EVERYDAY BORDERS is new 50 minute documentary film on how immigration controls are moving from the margin into everyday life. Consequently, increasing numbers of people are discovering they are expected to act as internal border guards and check up on the status of people who either work for them, rent property, access health care or attend college or university. Everyone is affected as social relationships are broken down and an atmosphere of mistrust is built up.
Sitting alongside tougher border controls; then these draconian internal controls are intended to increase hostility towards immigrants in the hope that more will leave and also convince people that immigration is being managed effectively and that those who reach the UK have a right to be here.
With the 2014 Immigration Act, which imposed a duty on residential landlords to refuse to rent rooms to anyone unable to prove their right to be here and upped the fines on any companies found to have employed illegal workers, having passed with all-Party support then it was certain that whoever won the general election there would be ever more ways of surveying and policing local communities where migrant workers live.
EVERYDAY BORDERS examines the implications that internal controls already in place are having. It reveals how restaurant owners are finding it difficult to recruit qualified staff and when their premises are raided on busy Friday nights then their reputations are ruined. Universities are finding it increasingly difficult to attract international students who are finding it easier to enter places such as Canada and Australia to study and then remain to set up businesses that employ people.
In housing, landlords in the West Midlands and Black Country, where the new measures were launched last year as part of phased introduction across the country, are unwilling to risk being fined £3000 if they are found to have an illegal tenant. They are thus turning anyone looking foreign away. With no access to public housing then many of those who are refused are ending up homeless.
Meanwhile such is the climate that has been induced that many migrant workers are unwilling to access health care services they are entitled to or, if they are a woman, complain about sexual harassment.
Those who are actually in the country without permission are even worse off as they are unable to open a bank account or apply for a driving licence. Refused asylum seekers who are unable to return home because of war in their country must pay for hospital treatment even though they have not got the money to do so.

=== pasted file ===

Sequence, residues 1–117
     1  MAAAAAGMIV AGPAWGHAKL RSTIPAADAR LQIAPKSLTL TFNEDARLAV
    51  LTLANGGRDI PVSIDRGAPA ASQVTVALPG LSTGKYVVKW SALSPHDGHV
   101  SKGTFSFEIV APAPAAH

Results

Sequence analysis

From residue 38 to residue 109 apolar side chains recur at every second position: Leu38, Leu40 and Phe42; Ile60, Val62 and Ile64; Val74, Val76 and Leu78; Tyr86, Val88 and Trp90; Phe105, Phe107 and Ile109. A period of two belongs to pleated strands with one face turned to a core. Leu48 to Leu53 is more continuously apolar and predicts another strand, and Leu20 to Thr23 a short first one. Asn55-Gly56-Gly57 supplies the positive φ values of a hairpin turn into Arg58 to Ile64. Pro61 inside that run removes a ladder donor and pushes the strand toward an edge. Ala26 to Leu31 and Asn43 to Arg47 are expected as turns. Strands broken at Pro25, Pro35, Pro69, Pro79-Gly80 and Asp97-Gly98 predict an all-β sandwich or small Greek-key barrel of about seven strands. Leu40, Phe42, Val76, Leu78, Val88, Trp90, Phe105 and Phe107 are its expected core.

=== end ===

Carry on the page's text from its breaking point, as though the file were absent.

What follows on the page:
Hardly surprisingly, Everyday Borders reveals an increasing number of people who are living here and are worried about their status who have contemplated suicide.
In terms of their general impact on society then internal controls are naturally making integration a much more difficult process. According to the documentary in the past new arrivals had much greater chances to integrate. The result has been much more harmonious multi-cultural communities in the UK than in other parts of Europe.The film fears that internal controls will create a network of people who must constantly live in the shadows and 'dodge and dive'. A society that only the most reactionary can desire and rest assured then once the state has refined its network of internal controls on migrant workers it will move on to workers everywhere.
EVERYDAY BORDERS has been produced by the Centre for Research on Migration, Refugees and Belonging at the University of East London, Southall Black Sisters, Migrants' Rights Network and Refugee and Migrant Forum of Essex and London.
It can be viewed at https://vimeo.com/126315982
There are also speakers for discussion panels on the contents of the documentary at firstname.lastname@example.org